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For two spin-1/2 electrons, the general spin triplet states is a linear combination of the three basis states: $\left.|\uparrow\uparrow\right>, \left.|\uparrow\downarrow\right>+\left.|\downarrow\uparrow\right>, \left.|\downarrow\downarrow\right>$, which are the simultaneously eigenstates of $S^z=S_1^z+S_2^z$ and $\bf{S}^2=(S_1+S_2)^2$.

When denote these three states in the matrix form respectively(named as direct product of states?): $\chi^{1}=\begin{pmatrix}1&0\\0&0\end{pmatrix}, \chi^{0}=\begin{pmatrix}0&1\\1&0\end{pmatrix}, \chi^{-1}=\begin{pmatrix}0&0\\0&1\end{pmatrix}$, the most generate form of a spin triplet states can be written as a linear combination of them, explicitly: $$ \chi= \sum_i \alpha^i\chi^i $$

Question is, how can I get the expectation value of $\bf{S}$ of this generate spin state using its matrix form? I don't know how to express the operator $\bf{S}$ in matrix form, it seems that $\bf{S}=\bf{S_1}\otimes1+1\otimes S_2$ is a $4\times 4$ matrix and I don't know how to apply this on this $2\times 2$ state.

ps: I know the method using the operator form, which requires that $\bf S_1$ only operate on the first spin and $\bf S_2$ only operate on the second spin, etc... I just want to see how the matrix form of spin state can be used to do the calculation...

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closed as unclear what you're asking by Norbert Schuch, user36790, HDE 226868, Gert, Sebastian Riese Jan 3 '16 at 18:50

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The expressions you wrote for the $\chi^j$ are not exactly what you want. You'd like to define a composite state in the basis $$ \vert\uparrow\rangle = \begin{pmatrix}1\\0\end{pmatrix},\quad \vert\downarrow\rangle = \begin{pmatrix}0\\1\end{pmatrix} $$ which is $$ \vert\uparrow\uparrow\rangle\equiv\vert\uparrow\rangle \otimes \vert\uparrow\rangle = \begin{pmatrix}1\\0\end{pmatrix} \otimes \begin{pmatrix}1\\0\end{pmatrix} = \begin{pmatrix}1\\0\\0\\0\end{pmatrix}$$ by the common definition of the Kronecker product. As you noted correctly, by adopting this convention operators like $S^1\otimes 1$ are represented by $4\times 4$ matrices. Again, their representations in any given basis is by the Kronecker Product, e.g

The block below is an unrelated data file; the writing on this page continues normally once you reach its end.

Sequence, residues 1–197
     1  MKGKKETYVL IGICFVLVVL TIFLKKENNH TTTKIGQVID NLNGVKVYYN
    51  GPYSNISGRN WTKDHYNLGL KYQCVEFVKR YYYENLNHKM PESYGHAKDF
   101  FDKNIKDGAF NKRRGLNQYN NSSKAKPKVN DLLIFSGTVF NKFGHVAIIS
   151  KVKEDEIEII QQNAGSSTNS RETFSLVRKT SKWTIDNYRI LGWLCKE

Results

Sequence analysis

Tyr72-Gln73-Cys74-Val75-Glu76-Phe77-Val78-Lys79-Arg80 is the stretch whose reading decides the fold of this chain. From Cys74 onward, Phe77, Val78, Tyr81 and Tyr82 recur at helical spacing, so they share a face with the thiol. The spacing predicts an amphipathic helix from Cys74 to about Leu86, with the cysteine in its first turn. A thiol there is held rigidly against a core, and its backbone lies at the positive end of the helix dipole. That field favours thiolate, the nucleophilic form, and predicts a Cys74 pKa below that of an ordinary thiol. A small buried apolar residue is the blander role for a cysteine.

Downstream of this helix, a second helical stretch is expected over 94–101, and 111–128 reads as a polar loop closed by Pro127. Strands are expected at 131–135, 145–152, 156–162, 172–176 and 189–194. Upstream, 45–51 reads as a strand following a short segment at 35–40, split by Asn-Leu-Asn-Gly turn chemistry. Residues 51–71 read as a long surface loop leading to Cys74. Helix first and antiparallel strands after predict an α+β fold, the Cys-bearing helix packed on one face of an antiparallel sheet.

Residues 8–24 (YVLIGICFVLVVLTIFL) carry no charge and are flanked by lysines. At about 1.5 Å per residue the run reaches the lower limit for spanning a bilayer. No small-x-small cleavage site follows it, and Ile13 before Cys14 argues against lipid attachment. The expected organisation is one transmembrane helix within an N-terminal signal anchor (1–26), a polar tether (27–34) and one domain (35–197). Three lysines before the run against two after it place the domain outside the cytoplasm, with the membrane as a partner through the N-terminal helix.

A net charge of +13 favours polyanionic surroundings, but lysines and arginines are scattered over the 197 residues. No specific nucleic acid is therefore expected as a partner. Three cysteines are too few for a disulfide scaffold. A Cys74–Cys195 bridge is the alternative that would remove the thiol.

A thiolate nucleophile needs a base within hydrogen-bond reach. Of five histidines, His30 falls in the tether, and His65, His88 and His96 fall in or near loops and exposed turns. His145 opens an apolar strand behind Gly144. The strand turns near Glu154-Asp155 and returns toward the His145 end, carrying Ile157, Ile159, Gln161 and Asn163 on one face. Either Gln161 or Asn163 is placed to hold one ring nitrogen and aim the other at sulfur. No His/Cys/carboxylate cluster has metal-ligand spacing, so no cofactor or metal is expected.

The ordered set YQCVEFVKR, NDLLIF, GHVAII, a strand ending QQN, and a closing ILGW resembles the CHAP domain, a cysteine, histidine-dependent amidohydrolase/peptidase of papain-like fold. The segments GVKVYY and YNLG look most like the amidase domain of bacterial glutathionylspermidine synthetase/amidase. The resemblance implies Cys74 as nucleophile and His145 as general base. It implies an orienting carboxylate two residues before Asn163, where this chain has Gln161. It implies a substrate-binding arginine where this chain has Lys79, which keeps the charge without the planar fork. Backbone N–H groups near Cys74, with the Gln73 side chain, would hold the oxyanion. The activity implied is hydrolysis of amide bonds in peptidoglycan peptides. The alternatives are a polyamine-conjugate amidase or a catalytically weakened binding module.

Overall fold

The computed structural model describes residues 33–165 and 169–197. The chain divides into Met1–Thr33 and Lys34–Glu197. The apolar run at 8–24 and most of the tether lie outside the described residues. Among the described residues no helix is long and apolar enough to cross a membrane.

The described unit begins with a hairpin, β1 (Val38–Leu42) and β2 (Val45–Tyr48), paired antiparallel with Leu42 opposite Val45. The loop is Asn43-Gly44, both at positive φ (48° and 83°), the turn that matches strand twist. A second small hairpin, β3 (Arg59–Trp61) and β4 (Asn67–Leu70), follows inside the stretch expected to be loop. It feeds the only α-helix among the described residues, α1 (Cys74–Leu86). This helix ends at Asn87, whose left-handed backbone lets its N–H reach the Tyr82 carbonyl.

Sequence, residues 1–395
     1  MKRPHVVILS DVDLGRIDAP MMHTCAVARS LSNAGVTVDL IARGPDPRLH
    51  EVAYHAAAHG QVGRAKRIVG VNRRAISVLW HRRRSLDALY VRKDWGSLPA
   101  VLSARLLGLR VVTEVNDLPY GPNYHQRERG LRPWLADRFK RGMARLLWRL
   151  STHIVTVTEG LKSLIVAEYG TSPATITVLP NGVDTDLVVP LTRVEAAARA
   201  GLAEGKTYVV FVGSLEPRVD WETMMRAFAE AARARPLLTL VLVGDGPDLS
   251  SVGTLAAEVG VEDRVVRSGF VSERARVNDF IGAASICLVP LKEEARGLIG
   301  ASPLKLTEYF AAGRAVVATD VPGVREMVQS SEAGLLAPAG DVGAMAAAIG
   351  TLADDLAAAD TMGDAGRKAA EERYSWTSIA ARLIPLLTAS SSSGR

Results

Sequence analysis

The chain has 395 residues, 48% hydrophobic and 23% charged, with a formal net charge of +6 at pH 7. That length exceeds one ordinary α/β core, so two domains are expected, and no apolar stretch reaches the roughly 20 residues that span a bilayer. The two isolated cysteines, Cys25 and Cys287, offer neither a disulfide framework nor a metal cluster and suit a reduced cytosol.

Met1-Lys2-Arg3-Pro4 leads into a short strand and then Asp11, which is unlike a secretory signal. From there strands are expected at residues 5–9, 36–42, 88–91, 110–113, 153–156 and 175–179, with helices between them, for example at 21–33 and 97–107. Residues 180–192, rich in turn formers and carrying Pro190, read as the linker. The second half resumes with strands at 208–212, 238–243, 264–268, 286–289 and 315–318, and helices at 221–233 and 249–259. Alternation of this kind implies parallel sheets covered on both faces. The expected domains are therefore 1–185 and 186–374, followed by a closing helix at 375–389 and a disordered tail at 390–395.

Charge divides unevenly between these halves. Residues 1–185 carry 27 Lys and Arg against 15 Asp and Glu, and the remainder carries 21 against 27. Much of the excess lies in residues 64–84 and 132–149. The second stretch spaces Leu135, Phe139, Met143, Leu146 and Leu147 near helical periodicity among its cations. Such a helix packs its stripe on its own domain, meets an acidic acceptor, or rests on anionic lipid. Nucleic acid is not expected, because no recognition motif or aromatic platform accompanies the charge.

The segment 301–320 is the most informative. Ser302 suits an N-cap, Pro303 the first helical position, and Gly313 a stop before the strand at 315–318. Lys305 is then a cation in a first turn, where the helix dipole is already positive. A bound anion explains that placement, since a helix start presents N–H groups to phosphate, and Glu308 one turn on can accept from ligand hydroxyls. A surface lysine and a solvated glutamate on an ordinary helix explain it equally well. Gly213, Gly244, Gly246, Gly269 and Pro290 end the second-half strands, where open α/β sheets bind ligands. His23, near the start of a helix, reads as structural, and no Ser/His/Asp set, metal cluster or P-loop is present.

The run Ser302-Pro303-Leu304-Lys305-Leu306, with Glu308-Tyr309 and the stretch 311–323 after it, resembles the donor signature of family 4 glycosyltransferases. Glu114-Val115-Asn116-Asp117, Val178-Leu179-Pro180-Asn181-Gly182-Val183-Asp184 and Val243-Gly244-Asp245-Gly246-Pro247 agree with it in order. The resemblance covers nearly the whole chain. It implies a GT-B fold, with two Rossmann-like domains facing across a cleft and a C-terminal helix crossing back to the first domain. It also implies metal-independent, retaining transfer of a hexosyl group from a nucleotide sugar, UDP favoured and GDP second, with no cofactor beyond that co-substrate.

$$ S^3\otimes 1 = \frac{1}{2}\begin{pmatrix} 1 &&& \\ & 1 && \\ && -1 & \\ &&& -1\end{pmatrix} $$

Instead of this more canonical choice you wrote e.g

$$ \chi^1 = \begin{pmatrix}1&0\\0&0\end{pmatrix}$$ which is also possible, but uncommmon. One would rather identify this expression with $$ \vert\uparrow\rangle \otimes \langle\uparrow\vert \in \mathbb{C}^2\otimes (\mathbb{C}^2)^*$$

Since $\mathbb{C}^4 \simeq \mathbb{C}^{2\times 2} \simeq \mathbb{C}^2\otimes (\mathbb{C}^2)^* \simeq\mathrm{End}(\mathbb{C}^2)$, both choices are equivalent. Work out the isomorphism relating the two representations! From there it should not be hard to derive the action of the composite operators on $\chi^j$. Be guided by what you already know, namely that by definition

$$ (A\otimes B)\cdot (u\otimes v) = (Au)\otimes(Bv) $$

It then just comes down to choosing a basis for the tensor product space as either $\mathbb{C}^4$ or $\mathbb{C}^{2\times 2}$.

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  • $\begingroup$ Thank you for your answer, many points you made are both important and clear. Regarding to your answer: thses seemingly uncommon expressions for the spin states are widely used in unconventional superconductors. It seems in your answer you claimed the isomorphism between these two representation. However, it is still unclear how to calculate the expectation value directly from the matrix form. The last expression in your answer still not utilize the matrix expression, but decompose it in two vector space. I think people written the spin states as the matrix form must have the reason that cal $\endgroup$ – an offer can't refuse Jan 4 '16 at 4:20
  • $\begingroup$ …calculation using the matrix form is easier, but from your last expression, you just go backwards, decompose the matrix, then calculate in two sperate spin space and combine them again. $\endgroup$ – an offer can't refuse Jan 4 '16 at 4:24

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